[Gluster-users] Concurrency limitation?

Jeff Darcy jdarcy at redhat.com
Tue Feb 7 19:58:23 UTC 2012

On Tue, 07 Feb 2012 20:03:18 +0100
Arnold Krille <arnold at arnoldarts.de> wrote:

> > GlusterFS is a file-level protocol, more like NFS, and as far as I
> > know there is no inherent locking between clients.
> There has to be locking. Otherwise two apps on two machines opening
> the same file for writing would destroy each others changes.

That's not exactly true.  For one thing, non-overlapping non-extending
writes won't affect each other.

> Therefor
> one client has to gather locks on all brick filesystems (which is the
> same as synchronizing access with all other clients).

Again, not really.  For a write, only *that file* would need to be
locked, and only on the bricks that actually contain that file.
Without replication or striping, the number of bricks holding a file is
exactly one, and all necessary synchronization can occur within that
one server.  With striping, serialization only needs to occur across
bricks holding stripes affected by that write - often just one again.
With replication, there does need to be more complex coordination and
there's a whole protocol in place to handle that . . . but, again, it
only affects those bricks holding replicas of the file being written.
Locking across all bricks in a volume only needs to occur for volume
level operations (e.g. volume parameter changes).

> > Why, when I simply read
> > a file, would a lock need to be created anywhere?
> One client opens the file for reading, the other opens the file for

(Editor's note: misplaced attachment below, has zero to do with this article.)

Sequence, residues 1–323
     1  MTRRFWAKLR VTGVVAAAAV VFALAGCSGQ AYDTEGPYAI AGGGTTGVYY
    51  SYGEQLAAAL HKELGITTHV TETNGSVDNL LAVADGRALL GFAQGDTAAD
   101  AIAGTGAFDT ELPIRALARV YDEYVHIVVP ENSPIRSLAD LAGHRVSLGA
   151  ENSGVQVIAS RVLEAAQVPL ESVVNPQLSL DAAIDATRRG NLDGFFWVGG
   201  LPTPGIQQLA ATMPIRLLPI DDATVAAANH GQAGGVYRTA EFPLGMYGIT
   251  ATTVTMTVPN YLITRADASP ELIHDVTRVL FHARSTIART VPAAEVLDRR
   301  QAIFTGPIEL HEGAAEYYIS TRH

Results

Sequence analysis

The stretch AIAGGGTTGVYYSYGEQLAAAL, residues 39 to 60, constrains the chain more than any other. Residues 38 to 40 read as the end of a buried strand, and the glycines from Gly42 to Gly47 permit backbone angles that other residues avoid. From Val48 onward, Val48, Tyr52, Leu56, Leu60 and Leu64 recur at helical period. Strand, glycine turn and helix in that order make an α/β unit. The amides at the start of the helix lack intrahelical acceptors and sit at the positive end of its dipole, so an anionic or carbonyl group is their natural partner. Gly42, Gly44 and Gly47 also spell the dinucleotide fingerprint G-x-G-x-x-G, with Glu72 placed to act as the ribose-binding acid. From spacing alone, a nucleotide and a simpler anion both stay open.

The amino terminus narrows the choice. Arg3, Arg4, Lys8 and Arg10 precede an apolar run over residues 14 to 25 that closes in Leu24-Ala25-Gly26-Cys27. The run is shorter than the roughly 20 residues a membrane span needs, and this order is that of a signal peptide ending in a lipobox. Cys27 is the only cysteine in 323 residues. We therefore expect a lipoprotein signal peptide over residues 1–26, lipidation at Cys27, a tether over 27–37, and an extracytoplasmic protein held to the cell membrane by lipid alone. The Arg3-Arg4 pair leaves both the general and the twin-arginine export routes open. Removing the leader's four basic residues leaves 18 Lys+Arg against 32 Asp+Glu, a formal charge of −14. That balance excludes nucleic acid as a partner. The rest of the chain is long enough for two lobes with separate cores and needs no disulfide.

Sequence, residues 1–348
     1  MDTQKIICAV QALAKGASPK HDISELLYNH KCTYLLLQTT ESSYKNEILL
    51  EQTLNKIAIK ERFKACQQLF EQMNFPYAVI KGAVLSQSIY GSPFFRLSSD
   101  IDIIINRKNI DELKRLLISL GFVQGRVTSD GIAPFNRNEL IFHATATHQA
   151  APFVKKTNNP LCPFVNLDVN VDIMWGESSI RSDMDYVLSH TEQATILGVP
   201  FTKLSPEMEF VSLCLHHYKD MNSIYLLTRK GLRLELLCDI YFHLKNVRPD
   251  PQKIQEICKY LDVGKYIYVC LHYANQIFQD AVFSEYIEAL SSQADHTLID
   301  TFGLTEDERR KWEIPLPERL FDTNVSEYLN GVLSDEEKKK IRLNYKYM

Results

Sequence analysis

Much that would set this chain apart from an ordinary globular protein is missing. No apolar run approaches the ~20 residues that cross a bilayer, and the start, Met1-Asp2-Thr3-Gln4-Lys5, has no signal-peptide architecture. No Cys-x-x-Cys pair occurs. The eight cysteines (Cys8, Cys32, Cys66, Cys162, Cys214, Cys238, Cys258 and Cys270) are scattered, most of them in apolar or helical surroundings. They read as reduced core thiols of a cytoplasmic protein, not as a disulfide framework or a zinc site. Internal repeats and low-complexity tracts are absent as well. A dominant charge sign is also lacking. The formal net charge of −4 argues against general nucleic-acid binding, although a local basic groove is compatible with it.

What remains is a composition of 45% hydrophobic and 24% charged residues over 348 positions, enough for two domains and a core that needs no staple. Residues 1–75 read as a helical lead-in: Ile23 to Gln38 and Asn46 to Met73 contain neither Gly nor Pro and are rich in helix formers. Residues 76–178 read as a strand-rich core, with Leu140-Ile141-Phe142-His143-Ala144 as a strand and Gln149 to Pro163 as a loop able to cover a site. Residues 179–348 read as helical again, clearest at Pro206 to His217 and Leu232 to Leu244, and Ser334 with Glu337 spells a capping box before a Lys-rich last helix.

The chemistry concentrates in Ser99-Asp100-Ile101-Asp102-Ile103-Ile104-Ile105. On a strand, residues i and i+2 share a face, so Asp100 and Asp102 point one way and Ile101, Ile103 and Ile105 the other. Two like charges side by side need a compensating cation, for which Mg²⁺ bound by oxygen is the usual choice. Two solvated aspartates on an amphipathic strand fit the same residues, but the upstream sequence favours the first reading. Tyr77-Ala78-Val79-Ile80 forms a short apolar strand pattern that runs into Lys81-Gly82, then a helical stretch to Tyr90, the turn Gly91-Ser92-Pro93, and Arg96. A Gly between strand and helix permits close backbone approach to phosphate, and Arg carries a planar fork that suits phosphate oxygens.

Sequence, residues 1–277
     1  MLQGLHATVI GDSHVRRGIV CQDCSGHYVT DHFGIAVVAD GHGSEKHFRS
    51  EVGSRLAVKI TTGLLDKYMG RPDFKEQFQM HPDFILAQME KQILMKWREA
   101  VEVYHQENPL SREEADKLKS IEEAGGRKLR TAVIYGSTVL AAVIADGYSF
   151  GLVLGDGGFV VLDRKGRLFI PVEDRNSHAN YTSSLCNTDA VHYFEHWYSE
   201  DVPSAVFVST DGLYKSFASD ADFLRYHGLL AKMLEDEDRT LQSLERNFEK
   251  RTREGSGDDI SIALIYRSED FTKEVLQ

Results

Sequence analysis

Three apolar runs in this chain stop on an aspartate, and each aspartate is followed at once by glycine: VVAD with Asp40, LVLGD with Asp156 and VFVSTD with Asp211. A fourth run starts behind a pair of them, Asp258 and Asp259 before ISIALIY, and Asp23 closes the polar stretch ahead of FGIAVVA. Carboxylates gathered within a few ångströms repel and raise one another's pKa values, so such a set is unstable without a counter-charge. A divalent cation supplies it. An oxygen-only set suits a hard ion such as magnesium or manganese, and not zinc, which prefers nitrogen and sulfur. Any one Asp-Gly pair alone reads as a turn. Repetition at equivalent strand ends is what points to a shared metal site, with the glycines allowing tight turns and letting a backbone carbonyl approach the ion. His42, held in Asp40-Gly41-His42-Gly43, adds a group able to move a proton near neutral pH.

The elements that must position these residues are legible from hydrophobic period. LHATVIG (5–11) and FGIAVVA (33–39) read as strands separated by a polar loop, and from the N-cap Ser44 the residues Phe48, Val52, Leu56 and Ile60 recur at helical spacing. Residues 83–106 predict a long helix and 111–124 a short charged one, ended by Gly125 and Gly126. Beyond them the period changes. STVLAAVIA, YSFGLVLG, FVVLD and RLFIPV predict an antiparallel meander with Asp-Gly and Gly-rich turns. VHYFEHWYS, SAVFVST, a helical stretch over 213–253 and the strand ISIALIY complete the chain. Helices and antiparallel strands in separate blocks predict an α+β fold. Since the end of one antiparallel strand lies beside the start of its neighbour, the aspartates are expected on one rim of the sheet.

> trunc|write. What do you get on the first client? How should this
> scenario be any save without some kind of locking. And since its a
> distributed filesystem, it has to be distributed locking.

There are other solutions besides locking.  One is cache invalidation -
a write causes other clients to be notified that any cached data
related to the just-written range is invalid.  Another is polling -
part of a read is to validate the freshness of cached data (e.g. by
checking timestamps or generation numbers) before using it.  There are
still other "optimistic concurrency control" alternatives that I won't
go into right now, because I think the point is sufficiently made.

> I might be wrong and glusterfs really doesn't do any locking to
> prevent concurrent write accesses. But if thats true, I think this
> rules out glusterfs for any usage above "proof-of-concept". And thats
> why I doubt that glusterfs doesn't do any locking (or synchronization
> of the fs-locks underneath).

It does synchronization, but it's much finer-grained than you seem to
think and it uses many techniques besides locking.

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